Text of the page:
‘I believe he (RK Narayan) should have won the Nobel Prize’ – Jeffery Archer
By Rituparna Mahapatra
He lives the life of a real Hero, a superman of sorts , whose life and career is nothing short of a thrilling story — novelist, playwright, former Tory deputy chairman, a mayoral candidate for London, champion athlete, a celebrity, and tragically a prisoner and failed businessman — he has done it all and triumphed. His stint in prison could not pin him down and there he wrote his Clifton Chronicles, a runaway bestseller yet again. Although he is reluctant to talk about most parts of his life, Jeffrey Archer has mastered the craft of popular storytelling, and has understood and grasped the dynamics involved in it.
His books have sold over 300 million copies worldwide, and translated in over 37 languages. But he has not won a single literary prize in the UK. Regardless, Archer thinks of himself as a storyteller, one who is gifted and says it’s difficult to be considered a good writer if you are a storyteller. He says he is lucky to be a storyteller since you are not confined to a particular niche of readers or time, you go beyond that. That is the reason Dickens and Jane Austen are read widely even now, he says.
He stresses the importance of discipline and hard work for aspiring writers. “There are no short cuts,” he says. His famed writing regime is about 8 hours of writing every day, which begins at 6am in the morning and ends at 8pm in the evening. He writes for two hours at a time with breaks in between, when he goes for long walks. He mostly writes from his house in Majorca, overlooking the bay. He still handwrites his first draft, with Staedtler pencils and even after authoring 150 books, he is nervous when he starts a new project.
Interestingly, writing was his second career option, which he had to fall back upon to pay off his debts, which he incurred as a failed businessman. Other than that, he loves Cricket, and says he would have been a cricketer if he hadn’t been a writer.
At 76, he shows no signs of slowing down, his mind still brimming with new ideas and his body as fit as ever. Having survived prostate cancer, he proudly says, “I train three times a week in the gym, and have an outstanding New Zealand trainer who pushes me as far as she can, and I certainly benefit from it.”
Speaking about the Emirates Airlines Festival of Literature at Dubai, he says it’s a brilliant platform, an event managed wonderfully by Isobel Abulhoul, and is getting better by the day.
You have been writing for more than three decades now, and even now your books are loved by millions the world over. How does it feel and how do you manage to do it?
I’m very lucky to be born with the simple gift of storytelling, and although I work very hard, I enjoy what I’m doing, and the reactions from my readers.
You call yourself a storyteller. How important is it for you to tell a story? Do you follow a specific structure in your storytelling?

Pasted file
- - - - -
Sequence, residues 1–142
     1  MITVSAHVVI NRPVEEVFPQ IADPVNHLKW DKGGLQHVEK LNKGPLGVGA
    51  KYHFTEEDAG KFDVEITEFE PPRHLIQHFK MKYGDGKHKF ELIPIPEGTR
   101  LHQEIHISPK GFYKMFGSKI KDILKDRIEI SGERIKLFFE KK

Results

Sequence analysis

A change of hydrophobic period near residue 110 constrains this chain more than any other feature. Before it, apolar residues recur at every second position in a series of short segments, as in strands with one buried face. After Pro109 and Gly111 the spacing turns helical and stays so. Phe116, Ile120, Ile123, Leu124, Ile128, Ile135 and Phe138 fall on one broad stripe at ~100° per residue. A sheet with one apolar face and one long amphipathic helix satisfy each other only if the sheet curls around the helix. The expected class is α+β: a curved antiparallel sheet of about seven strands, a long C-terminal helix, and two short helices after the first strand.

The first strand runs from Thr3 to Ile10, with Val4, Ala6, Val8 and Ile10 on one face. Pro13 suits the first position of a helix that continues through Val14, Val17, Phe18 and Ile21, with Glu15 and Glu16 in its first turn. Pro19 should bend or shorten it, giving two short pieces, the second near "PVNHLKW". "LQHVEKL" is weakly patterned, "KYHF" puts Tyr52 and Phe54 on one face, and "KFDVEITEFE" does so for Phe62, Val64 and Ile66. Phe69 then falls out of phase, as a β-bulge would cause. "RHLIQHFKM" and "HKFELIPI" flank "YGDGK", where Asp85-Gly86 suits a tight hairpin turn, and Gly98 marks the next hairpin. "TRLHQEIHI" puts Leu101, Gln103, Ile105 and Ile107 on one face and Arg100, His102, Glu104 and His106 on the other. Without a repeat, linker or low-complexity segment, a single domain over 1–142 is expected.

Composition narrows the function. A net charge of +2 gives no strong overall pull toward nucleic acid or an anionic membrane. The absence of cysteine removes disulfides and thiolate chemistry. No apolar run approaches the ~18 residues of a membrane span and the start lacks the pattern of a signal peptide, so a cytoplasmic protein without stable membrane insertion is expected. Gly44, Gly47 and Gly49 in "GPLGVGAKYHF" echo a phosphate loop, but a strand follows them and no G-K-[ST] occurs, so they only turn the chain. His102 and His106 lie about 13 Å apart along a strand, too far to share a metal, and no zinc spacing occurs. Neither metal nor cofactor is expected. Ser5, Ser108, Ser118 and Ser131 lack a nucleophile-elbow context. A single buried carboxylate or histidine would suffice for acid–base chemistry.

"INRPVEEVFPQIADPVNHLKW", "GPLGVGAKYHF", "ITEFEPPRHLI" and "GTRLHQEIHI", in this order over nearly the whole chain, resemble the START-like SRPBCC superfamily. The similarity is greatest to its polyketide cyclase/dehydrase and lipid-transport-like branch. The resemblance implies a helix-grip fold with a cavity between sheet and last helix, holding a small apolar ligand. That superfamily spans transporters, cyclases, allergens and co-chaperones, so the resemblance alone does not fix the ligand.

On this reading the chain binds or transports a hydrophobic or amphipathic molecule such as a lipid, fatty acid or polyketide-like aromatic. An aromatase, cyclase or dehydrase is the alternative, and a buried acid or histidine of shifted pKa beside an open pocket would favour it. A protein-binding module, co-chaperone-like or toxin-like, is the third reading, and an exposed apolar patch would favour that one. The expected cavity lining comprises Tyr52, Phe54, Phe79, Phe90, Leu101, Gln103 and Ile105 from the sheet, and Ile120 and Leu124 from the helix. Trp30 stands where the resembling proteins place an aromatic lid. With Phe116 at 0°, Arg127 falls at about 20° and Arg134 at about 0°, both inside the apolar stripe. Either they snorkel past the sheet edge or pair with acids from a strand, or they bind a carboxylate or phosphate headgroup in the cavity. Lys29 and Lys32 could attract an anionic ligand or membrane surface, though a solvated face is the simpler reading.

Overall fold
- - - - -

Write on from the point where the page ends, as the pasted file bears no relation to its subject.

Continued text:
It’s hugely important to tell a story, and have a beginning, a middle and an end. When I start a new book, I have in my mind an idea of where I want to the book to go, but sometimes the characters take me in an entirely different direction, or I come up with a brand new ending half way through. You should always be open to this.
Tell us something about Kane and Abel?
Kane and Abel is the story of two men from totally different backgrounds, one very rich, one begins life without a penny. They only meet once, and it influences their whole lives.
In this age of social media, the internet, flash stories, 140 character stories, you manage to remain one of the most successful writers. How do you keep yourself relevant to the current scenario?
I think it’s important and fun to connect with your fans and readers through social media, but I always tell aspiring writers to write about what they know. It’s no good following fashion and writing a book about ghosts, or whatever is popular at the time – write about what you know, especially at the start of your career.
Are your main characters based on real life?
I believe any writer will take inspiration from people that they’ve met in their lives for their characters in a book, and certainly in the Clifton Chronicles, there are elements of me in both Harry and Giles – and of course Emma is based on my wife Mary, and Maisie on my mother.
Your Clifton Chronicles are #1 in the Sunday bestseller list, #1 in India, South Africa, and New Zealand. How does it feel?
It’s thrilling to go to #1 on the bestsellers list, and it’s something I never take for granted. Even with my last 15 books going to #1 around the world, the pressure on your last book being #1 only adds to the pressure of writing the new book.
Have you read any Indian authors? Who are your favorites and why?
As a nation you’ve produced so many great writers, that have even gone on to win the Nobel Prize, but my favourite is R K Narayan, particularly Malgudi Days, and frankly like Graham Greene, I believe he should have won the Nobel Prize.
In spite of there being several successful Indian authors, both in India and abroad you have always been the most read, most loved by the Indian readers. What do you have to say to that?
I can’t fully explain why my Indian readers have been so supportive, but I am hugely grateful. I suspect it’s because most are as aspirational as I am, and enjoy a good story.
What advice would you like to give to aspiring writers, about the craft?
A well-educated person can always expect to be a good writer, but on top of that they need to be a storyteller, and that, I’m afraid, is a God-given gift.
What advice would you like to give to your readers on life?
Learn from all experiences, whether good or bad, and look forward, never back.